Communism, Conformity, and Civil Liberties Study, 1954 (ICPSR 7202)

Published: Feb 16, 1992

Principal Investigator(s):
Samuel A. Stouffer

Version V2

This study surveyed two different samples of respondents: a cross-section national sample and a leadership sample, the latter of which included people occupying leadership positions in their communities, such as president of the bar association, mayor, chairwoman of a women's club, president of a large labor union, president of a parent-teacher association, and the chairpersons of the Democratic and Republican party committees at county level. These positions were selected according to the following criteria: they were easily identifiable, were of some influence in the community, and held some relevance to the content of the study. Both samples were interviewed using the same questionnaire. The survey examined reactions of respondents to the danger of a communist conspiracy inside and outside the United States and to the potential sacrifice of civil liberties because of the attempt by some to thwart the conspiracy. The questionnaire began with open-ended questions tapping respondents' general expectations and fears, followed by questions about their opinions on communism. The subject of an internal or external communist threat was then raised in this context. In addition, variables probed respondents' positions on issues relating to tolerance, conformity, and civil liberties. Demographic data include age, sex, race, religious preference, education, employment status, and occupation.

Stouffer, Samuel A. Communism, Conformity, and Civil Liberties Study, 1954. Ann Arbor, MI: Inter-university Consortium for Political and Social Research [distributor], 1992-02-16.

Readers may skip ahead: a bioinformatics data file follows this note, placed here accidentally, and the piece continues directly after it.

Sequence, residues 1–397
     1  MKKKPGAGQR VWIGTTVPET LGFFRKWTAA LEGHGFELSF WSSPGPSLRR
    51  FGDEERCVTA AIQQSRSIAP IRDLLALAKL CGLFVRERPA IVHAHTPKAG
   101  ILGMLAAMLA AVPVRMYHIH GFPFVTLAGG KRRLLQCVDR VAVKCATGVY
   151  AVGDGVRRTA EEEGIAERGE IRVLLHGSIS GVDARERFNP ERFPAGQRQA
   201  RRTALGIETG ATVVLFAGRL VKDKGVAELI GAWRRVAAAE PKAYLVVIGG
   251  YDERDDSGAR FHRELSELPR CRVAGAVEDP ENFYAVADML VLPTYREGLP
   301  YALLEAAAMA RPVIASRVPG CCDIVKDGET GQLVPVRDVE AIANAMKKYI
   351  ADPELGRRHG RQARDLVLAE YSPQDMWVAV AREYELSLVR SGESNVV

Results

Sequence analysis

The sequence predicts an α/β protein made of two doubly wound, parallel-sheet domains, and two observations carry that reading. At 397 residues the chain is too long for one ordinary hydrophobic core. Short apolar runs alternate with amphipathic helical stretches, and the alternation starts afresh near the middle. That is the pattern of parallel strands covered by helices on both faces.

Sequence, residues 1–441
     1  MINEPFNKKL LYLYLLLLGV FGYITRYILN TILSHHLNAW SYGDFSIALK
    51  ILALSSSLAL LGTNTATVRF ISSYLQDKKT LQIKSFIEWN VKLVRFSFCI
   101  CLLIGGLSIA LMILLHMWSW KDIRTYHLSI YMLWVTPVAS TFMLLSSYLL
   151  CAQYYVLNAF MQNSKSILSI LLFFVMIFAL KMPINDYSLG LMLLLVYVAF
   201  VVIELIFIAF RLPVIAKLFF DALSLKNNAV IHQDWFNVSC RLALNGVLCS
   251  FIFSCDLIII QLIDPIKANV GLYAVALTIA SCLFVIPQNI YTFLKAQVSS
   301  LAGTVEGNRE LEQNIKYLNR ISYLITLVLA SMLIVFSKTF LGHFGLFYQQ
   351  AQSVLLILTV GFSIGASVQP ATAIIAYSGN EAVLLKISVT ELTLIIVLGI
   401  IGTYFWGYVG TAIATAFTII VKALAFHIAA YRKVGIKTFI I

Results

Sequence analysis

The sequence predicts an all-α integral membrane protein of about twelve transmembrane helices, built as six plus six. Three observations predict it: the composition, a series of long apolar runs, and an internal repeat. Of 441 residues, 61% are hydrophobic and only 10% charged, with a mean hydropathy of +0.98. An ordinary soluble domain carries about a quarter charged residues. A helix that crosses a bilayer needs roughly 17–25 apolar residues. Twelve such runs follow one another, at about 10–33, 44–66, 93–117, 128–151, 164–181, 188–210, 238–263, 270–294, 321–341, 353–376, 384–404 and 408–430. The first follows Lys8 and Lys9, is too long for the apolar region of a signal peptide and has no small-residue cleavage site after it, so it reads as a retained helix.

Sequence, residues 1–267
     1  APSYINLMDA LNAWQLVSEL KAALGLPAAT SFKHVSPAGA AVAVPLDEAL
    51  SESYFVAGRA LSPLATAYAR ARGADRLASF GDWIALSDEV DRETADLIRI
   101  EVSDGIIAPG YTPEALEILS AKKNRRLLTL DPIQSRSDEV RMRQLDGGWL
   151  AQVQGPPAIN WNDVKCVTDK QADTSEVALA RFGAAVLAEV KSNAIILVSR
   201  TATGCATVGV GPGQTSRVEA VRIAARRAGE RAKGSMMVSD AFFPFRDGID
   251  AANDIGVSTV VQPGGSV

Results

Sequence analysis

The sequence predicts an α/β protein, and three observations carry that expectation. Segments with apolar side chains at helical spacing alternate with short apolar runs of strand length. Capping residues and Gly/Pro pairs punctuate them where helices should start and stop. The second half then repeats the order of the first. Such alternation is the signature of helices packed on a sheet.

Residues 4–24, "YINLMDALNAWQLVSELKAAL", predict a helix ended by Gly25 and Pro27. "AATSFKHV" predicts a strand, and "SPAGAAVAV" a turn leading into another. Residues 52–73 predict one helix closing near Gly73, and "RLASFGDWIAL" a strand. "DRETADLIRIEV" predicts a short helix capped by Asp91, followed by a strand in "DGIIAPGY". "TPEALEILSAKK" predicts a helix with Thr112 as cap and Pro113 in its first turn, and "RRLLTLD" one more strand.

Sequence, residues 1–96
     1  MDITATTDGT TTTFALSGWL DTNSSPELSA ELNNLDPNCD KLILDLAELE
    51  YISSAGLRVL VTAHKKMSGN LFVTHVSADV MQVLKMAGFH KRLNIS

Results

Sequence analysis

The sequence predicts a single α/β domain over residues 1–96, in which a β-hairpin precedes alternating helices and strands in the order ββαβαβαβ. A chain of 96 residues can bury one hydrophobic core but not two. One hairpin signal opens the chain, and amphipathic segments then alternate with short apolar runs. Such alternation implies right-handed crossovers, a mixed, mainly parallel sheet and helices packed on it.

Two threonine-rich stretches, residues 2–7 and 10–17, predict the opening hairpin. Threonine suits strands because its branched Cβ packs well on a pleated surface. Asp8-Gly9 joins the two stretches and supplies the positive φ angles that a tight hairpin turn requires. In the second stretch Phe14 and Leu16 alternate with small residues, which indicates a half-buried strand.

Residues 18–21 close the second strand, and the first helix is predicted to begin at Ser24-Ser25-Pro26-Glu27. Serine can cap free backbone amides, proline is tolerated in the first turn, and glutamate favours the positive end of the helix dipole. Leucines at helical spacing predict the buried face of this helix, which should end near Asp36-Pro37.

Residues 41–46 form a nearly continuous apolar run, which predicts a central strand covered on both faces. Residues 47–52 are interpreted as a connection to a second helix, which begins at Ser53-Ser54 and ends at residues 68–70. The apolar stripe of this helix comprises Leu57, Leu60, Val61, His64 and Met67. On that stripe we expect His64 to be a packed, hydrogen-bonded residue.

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Two separate samples were used in this study: a cross-section national sample, drawn by multistage probability methods, and a special sample of local community leaders. The leaders were chosen according to an arbitrary list of 14 leadership roles applied in each of the sample cities having a population between 10,000 and 150,000.

Part 1: United States adult population aged 21 and older. Part 2: Local community leaders in the United States.

personal interviews

survey data



1984-06-20 ICPSR data undergo a confidentiality review and are altered when necessary to limit the risk of disclosure. ICPSR also routinely creates ready-to-go data files along with setups in the major statistical software formats as well as standard codebooks to accompany the data. In addition to these procedures, ICPSR performed the following processing steps for this data collection:

  • Standardized missing values.
  • Checked for undocumented or out-of-range codes.


  • Data in this collection are available only to users at ICPSR member institutions.

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